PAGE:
Complicated Taxes for Business Travelers Might Be Getting Easier
Recently the U.S. House of Representatives passed HB 1393, the Mobile Workforce State Income Tax Simplification Act of 2017, via voice vote. This is a welcome step to simplifying the collection and administration of state individual income taxes.
Complying with state income taxes for business travelers is a headache. Most states technically require such payments when someone is in the state for even a day (see map), and even that withholding to be set up in advance. Such practices disrupt interstate commerce and falsely suggest that business travelers earn their income in traveling states and not from the home office. We’ve increasingly heard horror stories of states trying to collect these sums. HB 1393 would limit states from imposing or collecting individual income tax on people who are in the state for less than 30 days. Read more.

Here's What You'd Be Paid in Lifetime Social Security Benefits for Each Claiming Age, 62 Through 70
There's little denying the importance that Social Security plays for our nation's retired workers. According to statistics from the Social Security Administration (SSA) that were released last year, a little more than three in five retired workers relies on their Social Security benefits to make up at least half of their monthly income. Without the monthly income Social Security provides, many seniors would probably be living at or below the poverty rate. You control your own destiny. However, you ultimately hold the golden ticket that determines how much Social Security will pay you once you file your claim for benefits. There are a number of factors that go into determining how large your monthly check will be. Read more.

These Hidden Estate Planning Mistakes Can Have Horrible Consequences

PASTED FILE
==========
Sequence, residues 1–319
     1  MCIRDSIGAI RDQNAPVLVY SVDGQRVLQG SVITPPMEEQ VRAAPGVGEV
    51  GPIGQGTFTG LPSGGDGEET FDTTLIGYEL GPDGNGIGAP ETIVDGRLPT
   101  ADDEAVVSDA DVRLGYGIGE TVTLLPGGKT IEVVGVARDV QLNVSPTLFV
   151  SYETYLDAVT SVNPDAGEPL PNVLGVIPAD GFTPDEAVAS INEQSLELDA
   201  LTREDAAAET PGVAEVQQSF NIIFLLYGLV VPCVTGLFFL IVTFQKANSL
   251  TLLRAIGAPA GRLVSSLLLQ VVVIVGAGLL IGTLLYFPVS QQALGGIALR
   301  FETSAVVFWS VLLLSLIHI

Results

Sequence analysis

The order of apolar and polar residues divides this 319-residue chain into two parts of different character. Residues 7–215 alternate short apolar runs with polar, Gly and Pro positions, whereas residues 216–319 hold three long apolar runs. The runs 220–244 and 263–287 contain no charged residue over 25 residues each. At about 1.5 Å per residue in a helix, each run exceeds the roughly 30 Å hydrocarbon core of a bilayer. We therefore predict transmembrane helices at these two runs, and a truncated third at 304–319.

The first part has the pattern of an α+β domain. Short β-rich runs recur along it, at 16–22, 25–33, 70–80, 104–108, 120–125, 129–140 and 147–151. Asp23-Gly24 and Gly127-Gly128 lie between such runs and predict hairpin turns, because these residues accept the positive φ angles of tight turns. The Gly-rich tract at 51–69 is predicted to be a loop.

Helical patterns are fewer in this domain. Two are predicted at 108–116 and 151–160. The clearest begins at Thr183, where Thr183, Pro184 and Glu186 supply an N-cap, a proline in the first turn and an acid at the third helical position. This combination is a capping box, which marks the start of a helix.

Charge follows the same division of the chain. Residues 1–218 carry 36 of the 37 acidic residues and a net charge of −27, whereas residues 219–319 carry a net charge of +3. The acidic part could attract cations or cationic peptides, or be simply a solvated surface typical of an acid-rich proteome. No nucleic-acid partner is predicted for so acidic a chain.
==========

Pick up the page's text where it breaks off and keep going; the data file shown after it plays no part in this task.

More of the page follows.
Imagine your spouse is ill, and you meet with an estate planning attorney to get your family affairs in order. Your attorney drafts a trust document and a will. You and your spouse sign it. You think everything is fine. Your spouse passes, and shortly after that, you find that the accounts are not set up to transfer the way you both intended. Everything is not fine. Can this happen? Yes, and it happens all the time. Read more.

Are You Ready To Retire?
Here are some questions to ask yourself when deciding whether or not you are ready to retire.
Is your nest egg adequate?
It may be obvious, but the earlier you retire, the less time you'll have to save, and the more years you'll be living off your retirement savings. The average American can expect to live past age 78. With future medical advances likely, it's not unreasonable to assume that life expectancy will continue to increase. Is your nest egg large enough to fund 20 or more years of retirement? Read more.

Old Money, New Bottle: Decant If You Don't Like The Terms Of An Old Trust
It used to be an irrevocable trust was really irrevocable. Now 25 states allow you to change the terms of an old trust by a newfangled process called decanting. It’s done without going to court, sometimes behind beneficiaries’ backs. And yes, that’s legal.
“Now you have clients saying, ‘Hey, we want to change this trust,’ and I tell them, ‘You can do it.’ You don’t have to have a reason other than you don’t like the terms,” says Jonathan Forster, an estate lawyer with Greenberg Traurig in McLean, Va. “Decanting is all the rage.”
Technically it’s the trustee, who has a fiduciary duty to all of the beneficiaries of the trust, who has to initiate a decanting. You’re doing a rewrite by distributing assets from an old trust into a new trust with new terms, for the benefit of one or more of the beneficiaries of the first trust. Read more.


News Sources

Use the following links to open other browser windows with current information on world and economic news. Closing the new browser windows will bring you back to this page. Closing this page will take you back to the planned giving pages.

To exit News and Information and return to the planned giving home page, please close this window.

Please note, individual financial circumstances will vary. The information on this site is meant as general information and does not represent legal or tax advice. The information presented is the view of the author. As with all tax and estate planning, please consult your attorney or estate specialist. All material is copyrighted and is for viewing purposes only. This News and Information section has been compiled by Future Focus. Please report any problems to webmaster.